product o f the district of Attaleia in the eighteenth century, P. Lucas, Voyage du Sieur Paul followers are making the gift to the patron saint of a different area. In fact, he intercedes
Lrtcas failpar ordre du roi dam la Grdce, E’Asie Mineure, la Macidoine el 1’ Afigue (Amsterdam, to save both the gold and its purveyor from robbers so that they may reach Chonae safely!
21z For the church as a legal custodian of the property of others, there is the case of the
1714), 1, 244.
206 Cedrenus, XI, 512. church of St. Theodore of Euchaita which served as a guardian of the dowry of il recently
deceased woman. Sigalas, “Aiamwfi,” pp, 322-333.
40 4.1

institution of a monastery a t Annesoi. The regions of Chalcedon, Mt.
Auxentius, as well as the whole of the Opsicion theme, were important character. The actual process by which Greek language and Greek
Christianity had come to predominate was a long one, and one that has
monastic centers. Mt. Olympus, Prusa, Nicaea, and the entire Propontid
coast were literally strewn with these establishments. In thc south, Mt. not been documented in siificient detail.
T h e process of Hellenization in terms oflanguage and culture had begun
Galesium, near Ephesus, and Latmus, i n the vicinity of Miletus, were the
centuries before thc pre-Christian era and continued long afterward.
scenes ofvigorous monastic life. I n the district of Iconium, on the present
The linguistic situation or pre-Greek Anatolia, or rather of Anatolia in the
day Kara Da& monastic communities thrived down to the Seljuk
first millenium of the pre-Christian era, has been compared to that of the
invasions. 213 T h e bishopric of Hagios Procopius (Urgiip) was the centcr
Caucasus i n later times as “the meeting place of a host of unrelated
of the famous troglodyte monasteries, while at Trebizond and the
languages.” 3l7 1t had hosted Urartians, Hetites, Phrygians, Lydians,
environs were located the famous monasteries of St. Eugenius, Vazelon,
Lycians, Carians, Cappadocians, Isaurians, Armenians, Kurds, Greeks,
and Sumela. Many of these monasteries had existed for centuries when
Jews, Cimmerians, and Persians, to name only the bettcr known ethnic
the Seljuks first arrived in Anatolia, while many were founded from the
groups. These peoples brought their own languages, for most of which there
ninth through the eleventh century, At the moment of the Turkish in-
vasions, the monasteries were thriving.214 are extant remains, which in some cases are suficient to permit classifi-
cation of the languages.218The majority of the people in western Anatolia
Ethizograjlly seen1 to havc come from Europe and thc Aegean isles, whereas those in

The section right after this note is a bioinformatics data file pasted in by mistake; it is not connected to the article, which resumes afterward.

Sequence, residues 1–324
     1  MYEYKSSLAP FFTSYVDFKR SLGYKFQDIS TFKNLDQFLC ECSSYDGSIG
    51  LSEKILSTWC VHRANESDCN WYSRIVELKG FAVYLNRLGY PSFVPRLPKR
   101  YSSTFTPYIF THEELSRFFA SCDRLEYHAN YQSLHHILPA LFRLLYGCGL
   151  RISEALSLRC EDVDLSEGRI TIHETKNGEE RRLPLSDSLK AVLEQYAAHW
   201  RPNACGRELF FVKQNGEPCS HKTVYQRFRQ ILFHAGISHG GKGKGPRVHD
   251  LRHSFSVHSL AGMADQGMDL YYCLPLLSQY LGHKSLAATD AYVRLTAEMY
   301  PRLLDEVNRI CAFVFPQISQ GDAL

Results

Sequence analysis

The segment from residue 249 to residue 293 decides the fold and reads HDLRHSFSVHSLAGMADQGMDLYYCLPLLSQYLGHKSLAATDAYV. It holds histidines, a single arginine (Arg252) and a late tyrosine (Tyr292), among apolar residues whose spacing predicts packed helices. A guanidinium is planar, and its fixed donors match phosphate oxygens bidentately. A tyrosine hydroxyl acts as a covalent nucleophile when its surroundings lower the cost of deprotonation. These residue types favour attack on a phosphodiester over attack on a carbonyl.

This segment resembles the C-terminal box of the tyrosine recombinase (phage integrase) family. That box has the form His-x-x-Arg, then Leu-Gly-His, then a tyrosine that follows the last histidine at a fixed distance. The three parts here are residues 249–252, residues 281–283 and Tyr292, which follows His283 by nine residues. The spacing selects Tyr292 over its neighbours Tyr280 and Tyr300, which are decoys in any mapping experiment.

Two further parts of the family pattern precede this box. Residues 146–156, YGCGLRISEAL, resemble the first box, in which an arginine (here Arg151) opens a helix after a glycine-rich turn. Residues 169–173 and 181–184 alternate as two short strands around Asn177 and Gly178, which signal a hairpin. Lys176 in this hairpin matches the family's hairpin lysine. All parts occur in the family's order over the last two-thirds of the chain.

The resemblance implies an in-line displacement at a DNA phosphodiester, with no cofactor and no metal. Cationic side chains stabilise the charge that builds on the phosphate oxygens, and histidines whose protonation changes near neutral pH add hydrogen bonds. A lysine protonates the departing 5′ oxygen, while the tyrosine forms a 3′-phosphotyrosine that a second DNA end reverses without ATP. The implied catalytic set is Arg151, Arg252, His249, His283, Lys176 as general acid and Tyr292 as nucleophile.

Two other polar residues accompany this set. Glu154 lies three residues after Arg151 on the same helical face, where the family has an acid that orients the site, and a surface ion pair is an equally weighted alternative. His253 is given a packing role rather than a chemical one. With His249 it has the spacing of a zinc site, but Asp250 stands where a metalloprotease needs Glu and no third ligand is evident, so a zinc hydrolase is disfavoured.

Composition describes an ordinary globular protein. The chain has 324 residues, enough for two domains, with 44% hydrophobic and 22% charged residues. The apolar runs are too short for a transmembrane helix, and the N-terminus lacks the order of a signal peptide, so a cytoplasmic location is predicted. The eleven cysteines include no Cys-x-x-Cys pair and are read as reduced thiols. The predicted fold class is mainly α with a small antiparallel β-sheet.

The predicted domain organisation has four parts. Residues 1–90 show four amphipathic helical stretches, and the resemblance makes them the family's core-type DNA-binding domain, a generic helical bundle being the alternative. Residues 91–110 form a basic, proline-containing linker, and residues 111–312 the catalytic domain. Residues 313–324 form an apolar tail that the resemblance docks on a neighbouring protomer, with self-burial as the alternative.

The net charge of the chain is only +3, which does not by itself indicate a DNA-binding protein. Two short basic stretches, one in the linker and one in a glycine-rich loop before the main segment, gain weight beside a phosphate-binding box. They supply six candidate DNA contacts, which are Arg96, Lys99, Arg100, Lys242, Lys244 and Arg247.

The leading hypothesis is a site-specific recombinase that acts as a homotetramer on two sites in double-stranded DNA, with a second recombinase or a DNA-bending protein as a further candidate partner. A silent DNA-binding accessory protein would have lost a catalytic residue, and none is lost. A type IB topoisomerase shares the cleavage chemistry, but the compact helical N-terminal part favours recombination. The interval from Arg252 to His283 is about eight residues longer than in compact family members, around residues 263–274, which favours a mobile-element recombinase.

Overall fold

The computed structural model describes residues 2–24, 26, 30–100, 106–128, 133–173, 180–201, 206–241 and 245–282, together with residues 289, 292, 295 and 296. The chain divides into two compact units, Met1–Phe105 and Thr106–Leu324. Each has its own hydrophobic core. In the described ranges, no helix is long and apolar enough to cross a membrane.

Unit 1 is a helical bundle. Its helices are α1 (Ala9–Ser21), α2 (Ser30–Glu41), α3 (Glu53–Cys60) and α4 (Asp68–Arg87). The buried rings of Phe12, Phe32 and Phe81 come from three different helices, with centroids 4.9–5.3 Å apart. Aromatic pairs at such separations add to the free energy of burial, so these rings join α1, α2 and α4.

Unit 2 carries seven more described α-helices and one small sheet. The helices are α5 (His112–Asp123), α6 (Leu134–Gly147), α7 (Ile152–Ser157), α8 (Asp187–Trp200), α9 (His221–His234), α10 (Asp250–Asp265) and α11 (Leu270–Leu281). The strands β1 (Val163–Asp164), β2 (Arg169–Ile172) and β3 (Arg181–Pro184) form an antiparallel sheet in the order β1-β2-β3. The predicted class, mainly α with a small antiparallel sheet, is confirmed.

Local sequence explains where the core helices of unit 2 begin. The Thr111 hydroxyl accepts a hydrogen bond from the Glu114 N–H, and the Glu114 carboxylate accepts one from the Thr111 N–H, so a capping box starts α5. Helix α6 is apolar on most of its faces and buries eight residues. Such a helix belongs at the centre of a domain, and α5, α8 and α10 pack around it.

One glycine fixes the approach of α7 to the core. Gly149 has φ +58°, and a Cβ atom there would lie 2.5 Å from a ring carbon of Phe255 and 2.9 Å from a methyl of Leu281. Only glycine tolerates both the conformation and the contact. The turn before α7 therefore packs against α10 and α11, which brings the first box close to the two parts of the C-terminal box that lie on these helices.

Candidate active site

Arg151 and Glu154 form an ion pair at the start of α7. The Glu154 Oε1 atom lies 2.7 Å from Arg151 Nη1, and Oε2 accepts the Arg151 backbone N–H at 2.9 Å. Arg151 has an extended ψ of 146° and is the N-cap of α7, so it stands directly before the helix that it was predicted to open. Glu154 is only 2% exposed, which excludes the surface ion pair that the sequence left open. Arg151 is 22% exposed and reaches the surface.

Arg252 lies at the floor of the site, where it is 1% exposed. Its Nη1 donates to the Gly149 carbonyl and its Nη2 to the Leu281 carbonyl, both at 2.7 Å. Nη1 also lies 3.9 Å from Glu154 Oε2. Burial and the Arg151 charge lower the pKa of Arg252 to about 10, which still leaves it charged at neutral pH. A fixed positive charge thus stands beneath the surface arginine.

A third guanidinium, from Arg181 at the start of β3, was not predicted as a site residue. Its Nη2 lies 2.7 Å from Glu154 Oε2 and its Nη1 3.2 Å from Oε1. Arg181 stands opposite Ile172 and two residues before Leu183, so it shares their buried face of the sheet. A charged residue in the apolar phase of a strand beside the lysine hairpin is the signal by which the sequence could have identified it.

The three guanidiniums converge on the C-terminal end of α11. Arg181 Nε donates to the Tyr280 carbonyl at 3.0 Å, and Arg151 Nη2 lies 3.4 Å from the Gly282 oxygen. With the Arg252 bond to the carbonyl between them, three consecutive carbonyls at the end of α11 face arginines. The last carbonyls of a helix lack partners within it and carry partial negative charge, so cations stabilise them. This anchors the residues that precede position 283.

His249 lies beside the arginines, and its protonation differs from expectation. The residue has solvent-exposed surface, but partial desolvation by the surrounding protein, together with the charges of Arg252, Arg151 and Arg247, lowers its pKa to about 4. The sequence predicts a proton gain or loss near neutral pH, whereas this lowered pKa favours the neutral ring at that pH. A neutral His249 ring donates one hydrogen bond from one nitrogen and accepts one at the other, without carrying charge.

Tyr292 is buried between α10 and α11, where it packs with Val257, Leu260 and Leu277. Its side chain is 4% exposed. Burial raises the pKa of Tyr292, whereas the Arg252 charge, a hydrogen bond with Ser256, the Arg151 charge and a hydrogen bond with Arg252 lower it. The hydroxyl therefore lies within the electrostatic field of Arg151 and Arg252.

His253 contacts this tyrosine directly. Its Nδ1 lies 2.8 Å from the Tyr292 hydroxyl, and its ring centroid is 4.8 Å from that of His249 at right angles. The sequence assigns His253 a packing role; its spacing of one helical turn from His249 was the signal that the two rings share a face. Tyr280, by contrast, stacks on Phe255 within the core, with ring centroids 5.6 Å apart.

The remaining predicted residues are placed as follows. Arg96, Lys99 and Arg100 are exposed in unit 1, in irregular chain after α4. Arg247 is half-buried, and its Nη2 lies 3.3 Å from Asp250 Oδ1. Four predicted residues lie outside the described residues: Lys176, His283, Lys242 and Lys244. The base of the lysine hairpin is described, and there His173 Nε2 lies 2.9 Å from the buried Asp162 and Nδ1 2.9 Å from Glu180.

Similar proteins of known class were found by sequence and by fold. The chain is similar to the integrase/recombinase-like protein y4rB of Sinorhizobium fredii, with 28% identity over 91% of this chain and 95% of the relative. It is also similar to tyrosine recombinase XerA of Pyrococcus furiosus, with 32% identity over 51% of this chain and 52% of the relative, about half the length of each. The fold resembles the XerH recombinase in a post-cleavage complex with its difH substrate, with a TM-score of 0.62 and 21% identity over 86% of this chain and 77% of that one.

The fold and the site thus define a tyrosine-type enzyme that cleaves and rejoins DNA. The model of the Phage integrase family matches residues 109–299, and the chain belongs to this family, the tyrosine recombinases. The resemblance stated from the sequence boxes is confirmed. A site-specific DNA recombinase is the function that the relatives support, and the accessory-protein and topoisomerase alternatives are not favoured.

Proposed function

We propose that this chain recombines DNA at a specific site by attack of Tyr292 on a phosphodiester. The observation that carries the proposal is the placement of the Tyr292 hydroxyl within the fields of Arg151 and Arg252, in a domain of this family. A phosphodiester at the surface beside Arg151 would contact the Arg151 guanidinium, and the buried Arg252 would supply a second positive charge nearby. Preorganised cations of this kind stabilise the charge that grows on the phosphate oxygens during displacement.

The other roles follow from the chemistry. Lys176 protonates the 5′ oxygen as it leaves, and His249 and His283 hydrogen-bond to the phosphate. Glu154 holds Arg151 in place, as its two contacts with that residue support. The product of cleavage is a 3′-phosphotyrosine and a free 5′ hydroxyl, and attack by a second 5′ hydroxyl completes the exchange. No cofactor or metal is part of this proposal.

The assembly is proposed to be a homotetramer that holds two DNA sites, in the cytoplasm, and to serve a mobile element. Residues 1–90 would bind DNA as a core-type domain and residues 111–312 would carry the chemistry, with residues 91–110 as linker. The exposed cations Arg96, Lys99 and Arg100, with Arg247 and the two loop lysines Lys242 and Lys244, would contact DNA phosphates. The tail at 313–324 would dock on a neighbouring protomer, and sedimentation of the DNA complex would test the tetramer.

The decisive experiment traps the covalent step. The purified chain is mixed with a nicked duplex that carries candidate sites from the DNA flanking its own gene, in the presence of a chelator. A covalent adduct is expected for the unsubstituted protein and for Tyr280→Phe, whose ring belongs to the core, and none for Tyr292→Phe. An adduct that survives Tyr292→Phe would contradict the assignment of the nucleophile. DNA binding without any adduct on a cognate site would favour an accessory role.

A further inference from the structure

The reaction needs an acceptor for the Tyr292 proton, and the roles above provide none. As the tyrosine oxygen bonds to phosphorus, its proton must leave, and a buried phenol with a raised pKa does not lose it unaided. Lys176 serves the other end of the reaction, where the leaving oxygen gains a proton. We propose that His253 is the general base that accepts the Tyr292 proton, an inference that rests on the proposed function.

eastern Anatolia apparently came from both Europe and Asia.
Perhaps the most interesting, and certainly the most perplexing
Of all thc languages and cultures of pre-Christian Anatolia, it was *
problems facing the historian of Byzantine Anatolia are those that have
Greek that showed itself to be the most dynamic. Greek colonies came to
to do with the languages, religions, and ethnic groups of the peninsula at
be established on the coasts of western and southern Asia Minor as early
various times. There has been considerable discussion, debate, and
as the Mycenaean period, seemingly for commercial purposes.21D By
disagreement on all three of these items in regard to the inhabitants of
800 B.C. thc Aeolisns, Ionians, and Dorians had founded colonies along
Byzantine Asia Minor in the eleventh century. Some scholars have
the western coast in considerable number, and these in turn colonized the
maintained that the Byzantine population of Anatolia was only lightly
shores of thc Black Sea, This second wave of settlement was fateful not
and superficially Hellenized and was, in fact, indifferent to the language,
only for the coastal regions but in the long run for the hinterland of Asia
church, and government of Constantinople.216 Others have asserted that
Minor as well, for it was the basis of a vast process of Hellenization which
the population of the peninsula in the eleventh century was the same which
was to continue as late as Byzantine times. It is interesting that the
had inhabited Anatolia since the days of the Hetites.210But from the point
of view of language and religion, the principal discernible elements i n the
progress of Hellenization at this early stage in a sense depended less on
culture of eleventh-century Anatolia, there is little that would lend weight the numbers of settlers than upon the consequences of the economic and
to these suppositions. The dominant language of western, central, and cultural superiority that these emigrants developed in Anatolia. Their
eastern Anatolia to the confines of Cappadocia was Greek, and the influence i n classical times was centered on the coastal arca, for the
dominant religion was that of the Greek or Byzantine church. In the a17 A. H. Saycc, “Languages of Asia Minor,” Atintalian Slirdies Presented to Sir William
regions of Anatolia east of Cappadocia this Greek element, though Milcllell Ramsay (London, I g23), p. 396.
a18 A. Goetze, Kultrrrgesc/ric/ite des alkw Orients. Kleitiasietl, 2d ed. (Munich, 1957), pp,
Present, was very weak in comparison with the non-Greek elements. 180-183,193-194, ao[-204, 202-209. D. C. Swanson, “A Select Bibliography of the